Will Escalating LNG Imports Really Ruin Japan?  液化天然ガス輸入はほんとうに日本を滅ぼすか


December 31, 2012

Volume 10 | Issue 54 | Number 117

Article ID 4725

Between 2012 and 2014 we posted a number of articles on contemporary affairs without giving them volume and issue numbers or dates. Often the date can be determined from internal evidence in the article, but sometimes not. We have decided retrospectively to list all of them as Volume 12 Number 30 with a date of 2012 with the understanding that all were published between 2012 and 2014.


Andrew DeWit


In Ian Morris’s book on energy and civilization, Why the West Rules–For Now, he writes that “greedy, lazy, frightened people” develop institutions that express “their own preferred balance among being comfortable, working as little as possible, and being safe.” But under conditions of crisis, they often innovate very rapidly. And, as is often noted, energy policy is not driven by elections but rather by crises.


This is hardly to insinuate that the Japanese are especially greedy and lazy or that they really do not like to work. But as in every human community, their political processes tend to be dominated by vested interests that keep alternatives off the agenda until the last possible moment. Yet since March 2011, the Japanese political community has found it impossible to ignore energy precisely because of the ongoing and spectacular failure of energy policy. The general public, for good reason frightened by the health, fiscal, livelihood and even survival implications of the meltdown of several reactors at Fukushima, has come to stand firm against the restart of nuclear capacity. This has been repeatedly displayed both in political demonstrations and public opinion polls.


The political difficulty of restarting reactors, combined with the adverse economic results following the world recession of 2008-09, national indebtedness, and the setbacks associated with the 3.11 earthquake-tsunami-nuclear power meltdown, has led much of the international community to declare Japan on the edge of the precipice. There’s a Greek chorus chanting that Japan’s faces ruin as a result of high gas and oil prices, because about 90% of its electricity is presently from thermal generation rather than about 60% before Fukushima (nuclear provided just under 30% of Japan’s power prior to last year’s disaster). The doom-criers marshal seemingly convincing statistics. Among other things, they show that Japan’s LNG (liquid natural gas) imports rose a whopping 52% to YEN 5.4 trillion yen between March 2011 and March 2012.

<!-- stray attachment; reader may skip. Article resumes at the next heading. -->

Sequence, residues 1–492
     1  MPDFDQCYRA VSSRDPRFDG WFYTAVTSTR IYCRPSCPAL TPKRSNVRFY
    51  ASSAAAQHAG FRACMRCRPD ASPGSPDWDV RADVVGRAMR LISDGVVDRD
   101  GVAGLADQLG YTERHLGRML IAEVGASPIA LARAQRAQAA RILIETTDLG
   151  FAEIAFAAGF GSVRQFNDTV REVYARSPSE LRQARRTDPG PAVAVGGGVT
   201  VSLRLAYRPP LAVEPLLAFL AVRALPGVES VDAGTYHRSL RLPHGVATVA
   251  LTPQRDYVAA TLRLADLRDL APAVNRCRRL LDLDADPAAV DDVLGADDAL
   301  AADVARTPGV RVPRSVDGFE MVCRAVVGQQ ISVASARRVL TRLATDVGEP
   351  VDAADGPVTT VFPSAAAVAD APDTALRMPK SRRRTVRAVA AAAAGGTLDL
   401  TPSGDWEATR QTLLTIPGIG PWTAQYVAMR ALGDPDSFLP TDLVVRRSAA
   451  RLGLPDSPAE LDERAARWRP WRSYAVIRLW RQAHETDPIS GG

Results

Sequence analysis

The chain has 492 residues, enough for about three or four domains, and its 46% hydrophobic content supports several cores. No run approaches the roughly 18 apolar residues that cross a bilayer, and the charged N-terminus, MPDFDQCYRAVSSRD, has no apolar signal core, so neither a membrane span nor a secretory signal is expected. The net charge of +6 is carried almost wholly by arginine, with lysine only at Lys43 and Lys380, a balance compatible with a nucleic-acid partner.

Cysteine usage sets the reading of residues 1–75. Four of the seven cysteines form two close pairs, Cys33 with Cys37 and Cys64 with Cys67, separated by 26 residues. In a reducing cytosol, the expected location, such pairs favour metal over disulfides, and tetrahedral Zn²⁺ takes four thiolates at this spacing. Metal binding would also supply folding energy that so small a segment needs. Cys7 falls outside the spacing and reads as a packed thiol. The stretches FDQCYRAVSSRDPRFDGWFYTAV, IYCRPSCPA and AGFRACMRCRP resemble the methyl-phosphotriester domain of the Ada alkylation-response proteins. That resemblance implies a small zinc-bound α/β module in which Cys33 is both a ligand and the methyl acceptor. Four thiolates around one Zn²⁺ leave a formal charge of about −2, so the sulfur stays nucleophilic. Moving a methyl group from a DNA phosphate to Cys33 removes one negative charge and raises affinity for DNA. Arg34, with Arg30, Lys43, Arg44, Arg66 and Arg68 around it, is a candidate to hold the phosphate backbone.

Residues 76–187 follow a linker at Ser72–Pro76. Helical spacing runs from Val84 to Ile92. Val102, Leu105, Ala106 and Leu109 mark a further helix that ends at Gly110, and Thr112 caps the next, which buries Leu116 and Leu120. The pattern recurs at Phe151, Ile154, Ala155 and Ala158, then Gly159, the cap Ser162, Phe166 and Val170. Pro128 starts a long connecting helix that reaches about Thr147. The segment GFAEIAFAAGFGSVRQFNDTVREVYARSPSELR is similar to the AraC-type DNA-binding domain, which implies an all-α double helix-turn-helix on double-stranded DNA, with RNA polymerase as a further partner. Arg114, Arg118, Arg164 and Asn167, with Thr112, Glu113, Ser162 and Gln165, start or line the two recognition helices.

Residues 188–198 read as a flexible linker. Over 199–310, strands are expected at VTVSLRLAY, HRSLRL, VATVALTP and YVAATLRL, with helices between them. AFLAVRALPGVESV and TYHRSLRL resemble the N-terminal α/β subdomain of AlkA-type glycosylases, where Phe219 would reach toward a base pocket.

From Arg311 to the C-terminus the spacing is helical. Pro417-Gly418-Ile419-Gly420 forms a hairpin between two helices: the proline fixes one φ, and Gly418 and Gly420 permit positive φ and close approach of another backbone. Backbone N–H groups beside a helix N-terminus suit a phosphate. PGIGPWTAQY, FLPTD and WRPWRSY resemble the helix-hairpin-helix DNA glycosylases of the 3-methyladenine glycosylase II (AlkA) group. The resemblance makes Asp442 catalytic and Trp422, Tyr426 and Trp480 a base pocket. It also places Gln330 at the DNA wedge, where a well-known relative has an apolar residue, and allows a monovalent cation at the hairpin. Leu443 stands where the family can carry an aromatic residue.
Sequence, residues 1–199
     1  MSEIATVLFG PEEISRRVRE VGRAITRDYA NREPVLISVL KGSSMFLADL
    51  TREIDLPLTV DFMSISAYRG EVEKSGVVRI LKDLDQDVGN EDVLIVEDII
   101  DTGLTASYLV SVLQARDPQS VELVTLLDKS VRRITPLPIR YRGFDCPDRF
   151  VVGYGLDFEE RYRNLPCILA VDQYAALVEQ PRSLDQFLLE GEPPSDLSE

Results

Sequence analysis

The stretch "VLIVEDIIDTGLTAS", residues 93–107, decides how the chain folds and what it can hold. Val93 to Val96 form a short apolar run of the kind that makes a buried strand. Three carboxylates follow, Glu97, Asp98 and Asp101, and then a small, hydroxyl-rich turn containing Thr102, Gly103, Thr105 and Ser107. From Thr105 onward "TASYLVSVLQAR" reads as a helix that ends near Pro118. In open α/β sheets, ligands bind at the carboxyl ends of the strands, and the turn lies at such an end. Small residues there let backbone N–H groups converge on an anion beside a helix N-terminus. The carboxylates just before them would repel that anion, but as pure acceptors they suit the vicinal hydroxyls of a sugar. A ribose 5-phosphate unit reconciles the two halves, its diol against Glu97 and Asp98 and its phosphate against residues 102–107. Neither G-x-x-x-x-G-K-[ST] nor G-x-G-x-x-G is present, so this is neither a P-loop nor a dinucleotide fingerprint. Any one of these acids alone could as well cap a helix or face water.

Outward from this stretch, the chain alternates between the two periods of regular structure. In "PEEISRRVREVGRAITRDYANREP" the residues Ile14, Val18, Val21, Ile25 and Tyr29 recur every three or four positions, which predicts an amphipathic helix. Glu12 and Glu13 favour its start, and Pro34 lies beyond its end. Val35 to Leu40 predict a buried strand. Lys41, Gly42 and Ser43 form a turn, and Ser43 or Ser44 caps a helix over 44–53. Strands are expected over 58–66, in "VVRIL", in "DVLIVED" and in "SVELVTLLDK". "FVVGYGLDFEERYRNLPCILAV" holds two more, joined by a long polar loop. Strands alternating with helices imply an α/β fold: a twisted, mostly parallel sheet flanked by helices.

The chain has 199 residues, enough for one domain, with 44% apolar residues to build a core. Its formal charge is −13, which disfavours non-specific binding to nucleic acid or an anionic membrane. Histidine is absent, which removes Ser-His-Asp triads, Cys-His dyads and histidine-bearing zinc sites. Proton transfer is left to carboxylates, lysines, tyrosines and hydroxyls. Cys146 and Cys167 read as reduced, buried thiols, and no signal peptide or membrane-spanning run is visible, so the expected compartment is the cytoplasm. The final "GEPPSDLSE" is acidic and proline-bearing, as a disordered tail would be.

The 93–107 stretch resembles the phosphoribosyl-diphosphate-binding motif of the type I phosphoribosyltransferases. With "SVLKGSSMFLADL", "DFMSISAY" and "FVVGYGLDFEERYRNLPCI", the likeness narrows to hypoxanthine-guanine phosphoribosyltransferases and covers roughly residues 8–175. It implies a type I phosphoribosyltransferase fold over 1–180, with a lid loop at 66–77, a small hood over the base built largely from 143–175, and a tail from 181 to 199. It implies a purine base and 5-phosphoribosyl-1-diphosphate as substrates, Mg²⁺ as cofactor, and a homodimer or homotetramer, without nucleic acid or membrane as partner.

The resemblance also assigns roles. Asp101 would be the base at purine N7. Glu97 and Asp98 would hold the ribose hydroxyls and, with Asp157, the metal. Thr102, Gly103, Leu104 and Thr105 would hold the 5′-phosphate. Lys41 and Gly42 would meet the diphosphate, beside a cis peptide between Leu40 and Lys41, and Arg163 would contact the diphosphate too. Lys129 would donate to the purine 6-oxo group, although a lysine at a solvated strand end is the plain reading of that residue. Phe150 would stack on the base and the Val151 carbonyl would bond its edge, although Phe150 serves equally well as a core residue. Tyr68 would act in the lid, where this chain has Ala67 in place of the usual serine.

But step back for a moment and recall that many market analysts were telling us a few years ago, when oil was at USD 140 and above, that Japan was made of the right stuff and would just get more efficient. So it is useful to go to the Japanese customs data page (http://www.customs.go.jp/toukei/shinbun/happyou.htm) and see if these price increases are as unprecedented as some suggest. It is also probably best not to compare with dates during the past few years, because we have been in an historic “great recession” that has depressed economic activity in various spheres. So instead let us compare March 2008 and March 2012, to assess the relative burdens on Japan’s economy. 


The comparison reveals that, as we see below, despite the loss of nuclear power, the volumes and prices for oil and natural gas are now roughly equal overall if you sum up the total cost and note that less oil and more LNG is being used:


March 2012: LNG: 8.126 million tons, YEN 570 billion; LPG 1.296 million tons YEN 120 billion; oil 18.83 million kiloliters YEN 1.165 trillion


Grand total for fossil fuels in March 2012: YEN 2.276 trillion


March 2008: LNG 6.318 million tons, YEN 374.85 billion; LPG 1.258 million tons, YEN 111.3 billion; oil 22.25 million kiloliters, YEN 1.395 trillion


Grand total for fossil fuels in March 2008: YEN 2.233 trillion


Moreover, those who argue that LNG and other fossil-fuel prices will crush Japan also forget that Japan’s ramped up burden of fossil-fuel prices, compared to last year, is almost certainly not going to last long. The peak volumes may already have been reached depending on how rapidly efficiency, renewables, conservation and storage get diffused.